trolling,2 whereas in Southern Europe and the Balkans proxy media outlets promote separatism and ethnic
tensions,3 and in Syria the White Helmets have been placed under direct physical threats.4 Safeguarding risks
can be long-term, slow-boil irritants, or they can be high-stakes, urgent situations including threats to physical
safety or of irreversible damage to sites and systems. The consortium has the experience to know the difference
and to calibrate responses. The project has been designed to: (1) ensure a level of training and support to all
partners that will work towards their safeguarding, and (2) include a flexible response mechanism that can be
implemented in the most critical incidents.
Safeguarding Risks Posed by the Behaviour of Supplier(s) and its Staff
Social Responsibility and Respect for Human Rights
The Consortium will integrate safeguarding measures to ensure that social responsibility and respect for human
rights are paramount across all project employees and beneficiaries. This is particularly focused around children
and young people and is of paramount importance in light of recent revelations about supply partners working in
developing countries. Our safeguarding policy explicitly recognises our moral and statutory responsibility to
safeguard and promote the welfare of all children and young people. We endeavour to provide a safe and
secure environment where children and young people are respected and valued, and where they can learn and
develop, and to safeguard the welfare of all children and young people by taking all reasonable steps to protect
them from physical, sexual, or emotional abuse or neglect. We do this by:

Ensuring all our staff and volunteers are carefully and rigorously selected, trained and monitored, and are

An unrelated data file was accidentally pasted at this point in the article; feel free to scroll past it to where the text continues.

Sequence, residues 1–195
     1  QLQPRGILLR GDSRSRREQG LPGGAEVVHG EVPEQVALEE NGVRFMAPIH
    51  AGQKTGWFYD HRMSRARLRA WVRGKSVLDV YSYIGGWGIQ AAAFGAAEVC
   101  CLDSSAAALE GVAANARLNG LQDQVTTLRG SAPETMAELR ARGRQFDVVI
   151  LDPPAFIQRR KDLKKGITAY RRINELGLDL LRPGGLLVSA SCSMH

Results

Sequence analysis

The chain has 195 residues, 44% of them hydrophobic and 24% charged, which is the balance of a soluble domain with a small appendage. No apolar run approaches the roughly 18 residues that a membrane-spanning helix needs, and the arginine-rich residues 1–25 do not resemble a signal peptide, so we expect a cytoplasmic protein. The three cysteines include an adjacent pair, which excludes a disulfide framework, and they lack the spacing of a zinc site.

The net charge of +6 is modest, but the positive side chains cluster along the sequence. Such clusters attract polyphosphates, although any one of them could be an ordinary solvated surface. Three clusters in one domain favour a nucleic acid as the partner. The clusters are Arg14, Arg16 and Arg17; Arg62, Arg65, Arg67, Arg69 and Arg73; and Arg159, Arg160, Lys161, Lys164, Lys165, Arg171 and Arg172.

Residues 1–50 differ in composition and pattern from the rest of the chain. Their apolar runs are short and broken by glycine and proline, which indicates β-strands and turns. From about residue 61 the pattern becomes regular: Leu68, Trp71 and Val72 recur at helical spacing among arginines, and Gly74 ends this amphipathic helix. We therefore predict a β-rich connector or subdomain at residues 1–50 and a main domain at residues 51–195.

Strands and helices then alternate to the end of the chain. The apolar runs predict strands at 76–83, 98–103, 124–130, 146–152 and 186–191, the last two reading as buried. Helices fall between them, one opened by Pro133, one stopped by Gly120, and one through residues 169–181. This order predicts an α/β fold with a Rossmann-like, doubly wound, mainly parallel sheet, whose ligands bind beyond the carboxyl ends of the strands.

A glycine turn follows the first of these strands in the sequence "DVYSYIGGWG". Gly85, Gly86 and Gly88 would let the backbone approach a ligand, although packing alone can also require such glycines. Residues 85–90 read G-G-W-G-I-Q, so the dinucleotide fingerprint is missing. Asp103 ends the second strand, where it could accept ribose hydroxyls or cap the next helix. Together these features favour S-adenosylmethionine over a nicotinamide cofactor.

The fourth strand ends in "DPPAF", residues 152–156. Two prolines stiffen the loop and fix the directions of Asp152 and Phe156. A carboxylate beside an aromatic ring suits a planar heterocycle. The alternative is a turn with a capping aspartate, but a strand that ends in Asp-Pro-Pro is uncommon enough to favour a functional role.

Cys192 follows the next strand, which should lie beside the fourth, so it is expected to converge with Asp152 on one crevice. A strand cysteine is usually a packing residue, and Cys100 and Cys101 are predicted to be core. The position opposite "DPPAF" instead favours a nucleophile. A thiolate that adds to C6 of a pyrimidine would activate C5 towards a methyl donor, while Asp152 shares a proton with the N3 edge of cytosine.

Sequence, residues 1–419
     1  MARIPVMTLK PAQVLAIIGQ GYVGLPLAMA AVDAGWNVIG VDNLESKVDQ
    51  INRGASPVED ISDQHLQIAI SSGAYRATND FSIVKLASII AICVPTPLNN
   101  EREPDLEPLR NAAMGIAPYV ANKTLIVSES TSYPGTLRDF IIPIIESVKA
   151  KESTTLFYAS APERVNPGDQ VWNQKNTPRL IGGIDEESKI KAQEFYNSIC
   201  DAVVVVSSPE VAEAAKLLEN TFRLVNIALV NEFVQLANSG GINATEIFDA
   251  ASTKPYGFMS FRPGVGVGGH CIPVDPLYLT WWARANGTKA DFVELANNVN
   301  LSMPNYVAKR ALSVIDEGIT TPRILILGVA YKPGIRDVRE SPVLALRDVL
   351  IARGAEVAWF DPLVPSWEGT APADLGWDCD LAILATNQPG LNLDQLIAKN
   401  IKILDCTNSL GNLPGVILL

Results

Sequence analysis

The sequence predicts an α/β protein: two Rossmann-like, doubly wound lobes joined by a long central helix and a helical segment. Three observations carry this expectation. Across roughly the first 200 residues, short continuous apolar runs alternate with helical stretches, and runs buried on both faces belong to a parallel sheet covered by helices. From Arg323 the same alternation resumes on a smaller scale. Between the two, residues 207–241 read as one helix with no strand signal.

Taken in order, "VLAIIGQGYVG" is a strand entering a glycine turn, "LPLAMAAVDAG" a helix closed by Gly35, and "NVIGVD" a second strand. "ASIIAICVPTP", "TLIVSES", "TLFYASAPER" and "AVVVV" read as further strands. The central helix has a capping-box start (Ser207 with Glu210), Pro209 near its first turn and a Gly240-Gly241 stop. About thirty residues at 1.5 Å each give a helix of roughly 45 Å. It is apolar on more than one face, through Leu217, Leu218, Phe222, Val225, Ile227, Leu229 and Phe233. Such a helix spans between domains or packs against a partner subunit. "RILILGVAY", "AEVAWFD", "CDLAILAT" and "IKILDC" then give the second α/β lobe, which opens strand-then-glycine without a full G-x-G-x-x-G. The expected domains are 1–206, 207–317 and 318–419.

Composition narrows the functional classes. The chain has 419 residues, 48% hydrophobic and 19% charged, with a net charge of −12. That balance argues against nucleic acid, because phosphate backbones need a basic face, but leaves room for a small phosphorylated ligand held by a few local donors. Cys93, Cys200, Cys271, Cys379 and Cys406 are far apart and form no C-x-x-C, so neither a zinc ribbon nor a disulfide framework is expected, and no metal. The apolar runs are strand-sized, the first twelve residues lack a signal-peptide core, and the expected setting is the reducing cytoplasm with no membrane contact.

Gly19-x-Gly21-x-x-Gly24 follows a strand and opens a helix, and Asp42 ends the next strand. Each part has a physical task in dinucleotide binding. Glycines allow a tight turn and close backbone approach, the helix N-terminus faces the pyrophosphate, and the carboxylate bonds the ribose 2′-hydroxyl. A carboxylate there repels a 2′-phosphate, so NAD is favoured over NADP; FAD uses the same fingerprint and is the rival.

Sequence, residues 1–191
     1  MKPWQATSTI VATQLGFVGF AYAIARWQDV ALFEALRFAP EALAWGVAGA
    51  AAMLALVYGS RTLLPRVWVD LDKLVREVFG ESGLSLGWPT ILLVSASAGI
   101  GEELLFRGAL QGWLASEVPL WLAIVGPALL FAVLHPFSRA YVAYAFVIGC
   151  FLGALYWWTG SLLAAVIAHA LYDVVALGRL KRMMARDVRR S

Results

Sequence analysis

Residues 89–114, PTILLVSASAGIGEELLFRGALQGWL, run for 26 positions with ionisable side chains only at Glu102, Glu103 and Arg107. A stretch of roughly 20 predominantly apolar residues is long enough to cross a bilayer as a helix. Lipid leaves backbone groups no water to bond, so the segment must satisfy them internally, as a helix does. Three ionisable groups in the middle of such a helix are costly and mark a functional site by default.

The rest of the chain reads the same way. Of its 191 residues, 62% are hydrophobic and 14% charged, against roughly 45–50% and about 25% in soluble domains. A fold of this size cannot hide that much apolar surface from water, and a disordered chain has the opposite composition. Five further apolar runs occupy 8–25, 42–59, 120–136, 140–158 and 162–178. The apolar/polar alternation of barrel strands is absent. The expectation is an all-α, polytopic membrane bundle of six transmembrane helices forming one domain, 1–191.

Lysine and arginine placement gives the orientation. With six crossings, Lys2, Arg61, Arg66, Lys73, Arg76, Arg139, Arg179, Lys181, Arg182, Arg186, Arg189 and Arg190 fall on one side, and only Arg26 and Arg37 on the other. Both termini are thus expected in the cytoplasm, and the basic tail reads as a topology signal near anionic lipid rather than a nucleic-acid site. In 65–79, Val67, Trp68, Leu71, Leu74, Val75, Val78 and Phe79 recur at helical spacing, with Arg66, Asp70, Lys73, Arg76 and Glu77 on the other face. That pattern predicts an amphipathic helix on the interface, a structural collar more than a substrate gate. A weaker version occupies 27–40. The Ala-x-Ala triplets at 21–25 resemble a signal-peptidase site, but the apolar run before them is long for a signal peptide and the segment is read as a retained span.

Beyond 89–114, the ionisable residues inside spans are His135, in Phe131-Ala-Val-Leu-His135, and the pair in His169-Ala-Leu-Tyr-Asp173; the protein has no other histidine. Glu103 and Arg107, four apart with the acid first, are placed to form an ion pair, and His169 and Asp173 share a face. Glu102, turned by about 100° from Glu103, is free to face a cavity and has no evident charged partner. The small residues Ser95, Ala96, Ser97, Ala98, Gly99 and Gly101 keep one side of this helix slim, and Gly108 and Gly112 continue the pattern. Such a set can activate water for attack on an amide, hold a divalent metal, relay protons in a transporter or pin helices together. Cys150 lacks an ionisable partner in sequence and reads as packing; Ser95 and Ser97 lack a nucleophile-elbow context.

supported by a robust safeguarding portfolio
Carefully assessing all risks that children and young people encounter, and taking all necessary steps to
minimise and manage those risks
Letting parents, children, young people and staff know how to voice concerns or complaints about
situations or circumstances they are not happy with

All ZINC staff are required to undertake training modules using our online CascadeGo HR system, that includes
Safeguarding, Data and GDPR Regulations, and Code of Conduct and Ethics. Our Safeguarding training module
includes awareness of modern-day slavery and human rights abuses. ZINC operates employment practices in
line with the International Labour Organisation (ILO) 138 convention and Ethical Trading Initiative (ETI) Base
In August 2018 Microsoft identified a Russian government-directed cyber attack on right-leaning American think tanks’ websites including The Hudson Institute
and IRI. [https://www.hudson.org/research/14510-hudson-institute-statement-on-russian-cyberattacks, https://www.wsj.com/articles/russian-hackers-targetconservative-groups-in-widening-cyberattacks-1534824060]
2 Bentzen, Naja (2018, July) Foreign influence operations in the EU. European Parliamentary Research Service.
3 Eisentraut, Sophie, and De Leon, Stephanie (2018, March) Propaganda and disinformation in the Western Balkans: how the EU can counter Russia’s
information war. Facts and Findings: Konrad Adenauer Siftung. [http://www.kas.de/wf/doc/kas_51729-544-2-30.pdf?180306092933]
4 Lucas, Scott (2018, August 16) The White Helmets and the long history of attacking humanitarians. EA Worldview. [https://eaworldview.com/2018/08/thewhite-helmets-and-the-long-history-of-attacking-humanitarians/]

© Private and confidential. ZINC Network 2018.

Code, which includes ensuring child labour is never used, statutory minimum age for employment is met,
working hours are not excessive (37.5 hours on average), and equal opportunities are provided to all regardless
of ethnicity, religion, age, disability, gender, marital status and sexual orientation. We are in the process of
signing up to the United Nations Global Compact, and have already begun to enmesh the 10 key principles of
human rights, labour, environment and anti-corruption within our Sub Contractor and employee Code of Conduct
to ensure that these principles are embedded throughout all of the work that we do. The Project Director will be
responsible for ensuring our employee Code of Conduct and environmental, social and human rights policies are
adhered to across our countries of operation. We will report any misconduct to the relevant authorities and will
investigate all allegations or suspicions of misconduct and take appropriate action (including disciplinary) against